All four of my daughters graduated from their respective schools in May. Throw in a birthday, Mother’s Day and two proms, and you have the makings of a very busy month that is, thankfully, over (but not soon forgotten).
If there’s any piece of advice I could give them about the world of adulthood, I would stress the importance of never allowing their imaginations to wither on the vine and grow fallow. I think of imagination as the key ingredient in the continual pursuit of one’s hopes and dreams.
As my L.A. filmmaker friend Ritchie Greer told me last week, “If you can imagine it, you can write it.” Not only can you write it, you can create it, catch it or conquer it. Or fill in the blank with your own verb of empowerment.
When I was in school, my favorite summertime means of keeping my imagination finely honed was reading. My family was among the thousands who would flock to Hillsville, Va., for the semi-annual flea market. There I would seek out the remaining paperback novels with the front cover torn off. You could buy several for a dollar, and I remember coming home with an armful of books to last me throughout the summer or winter.
More than any other medium, I believe that reading stokes the fires of imagination the hottest. When you read, you’re transported to another time and place, and all of it takes place in your mind. There’s no sound to create the drama, as in listening to music, nor is there sound and vision to tell the story, as with cinema or the stage.
Reading is a portal to another world, uniquely crafted by your imagination, through which all of the senses are stimulated. (Yes, you can almost smell the gunpowder in a Louis L’Amour western.) Nothing can match it if you’re interested in a full-cranial workout.
So, I challenge my daughters and all the other students on summer break to read as much as you can this summer. A great place to start here in Wilkes is the public library at 215 10th Street in North Wilkesboro. The summer reading program there runs from June 10 to July 27 and is sponsored by the Kulynych Foundation and the Friends of the Wilkes Library.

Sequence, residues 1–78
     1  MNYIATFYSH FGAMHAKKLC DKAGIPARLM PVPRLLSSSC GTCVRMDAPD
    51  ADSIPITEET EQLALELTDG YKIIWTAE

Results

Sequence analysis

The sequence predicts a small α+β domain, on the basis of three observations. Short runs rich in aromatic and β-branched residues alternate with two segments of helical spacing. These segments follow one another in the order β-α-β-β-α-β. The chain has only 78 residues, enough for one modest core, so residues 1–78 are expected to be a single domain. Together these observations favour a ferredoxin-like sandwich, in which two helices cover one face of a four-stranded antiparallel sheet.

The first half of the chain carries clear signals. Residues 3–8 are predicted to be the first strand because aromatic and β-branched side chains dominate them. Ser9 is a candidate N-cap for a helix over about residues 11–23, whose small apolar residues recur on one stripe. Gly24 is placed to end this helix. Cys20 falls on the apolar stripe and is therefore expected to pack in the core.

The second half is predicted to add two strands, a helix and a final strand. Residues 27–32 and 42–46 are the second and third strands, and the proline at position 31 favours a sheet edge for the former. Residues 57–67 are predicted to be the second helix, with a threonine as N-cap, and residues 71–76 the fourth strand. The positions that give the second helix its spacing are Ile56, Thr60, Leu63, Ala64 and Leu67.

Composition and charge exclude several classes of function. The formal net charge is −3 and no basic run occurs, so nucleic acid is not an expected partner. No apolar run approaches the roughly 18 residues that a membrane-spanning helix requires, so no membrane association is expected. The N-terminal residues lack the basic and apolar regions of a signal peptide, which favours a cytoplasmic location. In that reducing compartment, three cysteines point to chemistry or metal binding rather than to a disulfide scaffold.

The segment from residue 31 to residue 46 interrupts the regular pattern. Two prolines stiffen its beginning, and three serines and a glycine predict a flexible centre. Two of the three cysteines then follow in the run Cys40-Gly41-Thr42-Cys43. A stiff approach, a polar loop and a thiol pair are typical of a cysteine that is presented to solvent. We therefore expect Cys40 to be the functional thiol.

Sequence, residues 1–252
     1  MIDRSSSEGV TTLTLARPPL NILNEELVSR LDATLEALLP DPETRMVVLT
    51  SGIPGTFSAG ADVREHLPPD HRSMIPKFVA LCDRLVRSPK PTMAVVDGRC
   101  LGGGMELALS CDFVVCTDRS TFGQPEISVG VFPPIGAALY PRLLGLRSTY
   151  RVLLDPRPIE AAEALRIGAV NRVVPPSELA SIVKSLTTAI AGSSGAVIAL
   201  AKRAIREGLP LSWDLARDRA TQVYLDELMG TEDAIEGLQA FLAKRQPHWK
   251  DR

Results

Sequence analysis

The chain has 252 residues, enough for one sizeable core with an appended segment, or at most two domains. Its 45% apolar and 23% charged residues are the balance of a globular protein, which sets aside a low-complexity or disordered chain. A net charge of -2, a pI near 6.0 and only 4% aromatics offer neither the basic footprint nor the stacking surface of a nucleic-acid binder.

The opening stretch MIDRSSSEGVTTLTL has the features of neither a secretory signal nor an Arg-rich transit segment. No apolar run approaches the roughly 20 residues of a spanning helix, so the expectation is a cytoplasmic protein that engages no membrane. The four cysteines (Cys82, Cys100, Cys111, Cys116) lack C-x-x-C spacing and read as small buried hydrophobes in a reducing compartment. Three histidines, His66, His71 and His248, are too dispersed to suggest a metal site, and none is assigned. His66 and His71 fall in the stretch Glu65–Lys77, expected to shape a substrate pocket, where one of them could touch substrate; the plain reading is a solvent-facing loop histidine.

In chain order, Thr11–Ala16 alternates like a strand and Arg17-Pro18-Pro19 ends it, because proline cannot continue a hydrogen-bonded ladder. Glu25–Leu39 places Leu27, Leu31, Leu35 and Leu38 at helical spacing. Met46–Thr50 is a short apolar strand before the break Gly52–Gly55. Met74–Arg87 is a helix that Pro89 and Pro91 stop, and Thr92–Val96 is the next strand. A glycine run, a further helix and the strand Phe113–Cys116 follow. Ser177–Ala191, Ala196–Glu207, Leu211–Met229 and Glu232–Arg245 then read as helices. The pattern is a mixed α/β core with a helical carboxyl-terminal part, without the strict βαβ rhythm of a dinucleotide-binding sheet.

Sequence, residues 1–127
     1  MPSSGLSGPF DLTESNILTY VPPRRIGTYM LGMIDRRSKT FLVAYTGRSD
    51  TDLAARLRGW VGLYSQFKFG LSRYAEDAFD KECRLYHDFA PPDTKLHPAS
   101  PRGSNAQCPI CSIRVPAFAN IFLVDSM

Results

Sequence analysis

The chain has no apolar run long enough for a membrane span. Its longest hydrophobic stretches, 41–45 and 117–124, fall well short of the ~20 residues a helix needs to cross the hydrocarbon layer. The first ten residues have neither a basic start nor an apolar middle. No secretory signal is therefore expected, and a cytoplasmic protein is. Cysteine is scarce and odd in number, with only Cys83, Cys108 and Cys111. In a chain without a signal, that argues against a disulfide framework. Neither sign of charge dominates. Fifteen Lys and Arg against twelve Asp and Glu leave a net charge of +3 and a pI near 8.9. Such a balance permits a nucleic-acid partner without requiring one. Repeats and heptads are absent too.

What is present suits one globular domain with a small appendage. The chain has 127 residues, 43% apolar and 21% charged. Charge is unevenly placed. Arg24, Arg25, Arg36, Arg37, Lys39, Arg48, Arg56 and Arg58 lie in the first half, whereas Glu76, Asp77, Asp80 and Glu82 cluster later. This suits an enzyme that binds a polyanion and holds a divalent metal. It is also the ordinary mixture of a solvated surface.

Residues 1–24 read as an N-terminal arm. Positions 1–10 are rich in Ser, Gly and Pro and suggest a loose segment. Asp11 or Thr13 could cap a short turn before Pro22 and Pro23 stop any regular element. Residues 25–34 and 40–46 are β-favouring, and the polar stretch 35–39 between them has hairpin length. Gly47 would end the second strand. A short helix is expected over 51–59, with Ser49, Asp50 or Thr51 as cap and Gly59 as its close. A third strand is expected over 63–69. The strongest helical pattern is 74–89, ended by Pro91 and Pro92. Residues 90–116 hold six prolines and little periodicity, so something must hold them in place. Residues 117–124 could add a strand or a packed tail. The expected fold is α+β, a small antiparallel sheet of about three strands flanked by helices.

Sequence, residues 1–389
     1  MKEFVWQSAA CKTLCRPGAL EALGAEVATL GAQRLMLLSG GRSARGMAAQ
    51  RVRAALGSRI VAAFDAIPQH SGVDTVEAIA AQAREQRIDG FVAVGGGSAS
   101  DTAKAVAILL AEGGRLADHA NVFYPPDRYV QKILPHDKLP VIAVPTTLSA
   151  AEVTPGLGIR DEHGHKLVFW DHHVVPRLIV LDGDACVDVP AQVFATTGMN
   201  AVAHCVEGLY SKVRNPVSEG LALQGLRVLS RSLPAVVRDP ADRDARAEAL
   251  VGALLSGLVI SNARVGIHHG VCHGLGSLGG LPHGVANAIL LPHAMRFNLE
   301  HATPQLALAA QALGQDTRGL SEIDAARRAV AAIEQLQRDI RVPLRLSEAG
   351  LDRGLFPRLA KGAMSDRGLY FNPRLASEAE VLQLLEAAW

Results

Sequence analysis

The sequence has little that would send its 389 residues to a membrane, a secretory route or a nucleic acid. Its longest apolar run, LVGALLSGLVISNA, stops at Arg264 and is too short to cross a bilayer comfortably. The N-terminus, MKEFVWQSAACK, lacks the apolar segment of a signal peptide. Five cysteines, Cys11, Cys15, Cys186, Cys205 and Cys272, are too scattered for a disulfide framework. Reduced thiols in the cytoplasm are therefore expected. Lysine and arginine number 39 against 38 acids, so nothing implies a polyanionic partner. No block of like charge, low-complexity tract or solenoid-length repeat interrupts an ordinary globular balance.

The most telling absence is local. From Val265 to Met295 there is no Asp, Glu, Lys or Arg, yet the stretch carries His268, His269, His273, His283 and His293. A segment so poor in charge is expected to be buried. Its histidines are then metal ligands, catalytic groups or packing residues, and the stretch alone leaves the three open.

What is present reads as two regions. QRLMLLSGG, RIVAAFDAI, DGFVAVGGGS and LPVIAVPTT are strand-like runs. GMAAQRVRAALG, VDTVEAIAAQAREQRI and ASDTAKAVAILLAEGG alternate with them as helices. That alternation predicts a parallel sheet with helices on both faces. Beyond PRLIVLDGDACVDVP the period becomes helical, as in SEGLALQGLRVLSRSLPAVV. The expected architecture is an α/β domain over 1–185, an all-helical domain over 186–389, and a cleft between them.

County Librarian Aimee James told me Friday that the summer theme this year is “A Universe of Stories.” She said there’s a great deal of space-themed programming for all ages, with activities planned almost every day at the library.
On July 25, she said the library will set up a petting zoo, sure to be a huge hit with kids. She expects high attendance for the African American Music Appreciation program on June 15. James said she’s personally looking forward to the True Crime Investigations program on July 18. My daughter, Cassie, should be interested in that event. A similar program was quite popular earlier at the library, James said.
The Imagination Café, the library’s free summer lunch program, began Monday and runs through Aug. 23. It offers a free lunch every weekday at noon for kids 18 and under. After lunch will be stories, crafts, games and more. “One thing that we want people to know is that summer reading isn’t just for kids,” said James. “We have an adult program with prizes, too. The whole family can sign up and participate.”
The summer of learning for adults includes a computer skills class, a free eBooks class, an introduction to ancestry and genealogy, how to use iPads and iPhones, Medicare basics, behavioral health and mental illness classes and writing workshops. There’s something truly for everyone, and it’s all free.
James said adult book lovers are always welcome to join a great hour of conversation from 4-5 p.m. on the third Tuesday of the month. The club will discuss “The Abolitionist’s Daughter” by Diane C. McPhail on June 18 and (appropriately enough) “Endurance: A Year in Space, a Lifetime of Discovery” by Scott Kelly on July 18.
Registration is open for reading activities at the library. Through June 29, stop by the youth services or adult services desks at the county library or the Traphill branch library to register. After registering, kids and teens receive a bingo card that is crossed off when they read or listen to a book. For every five squares crossed off, they get a prize while supplies last. Everyone gets a prize when they complete their card.
My summer reading starts with a thick book I’ve put off reading for a while now: “Look Homeward, Angel,” by Thomas Wolfe. What’s yours?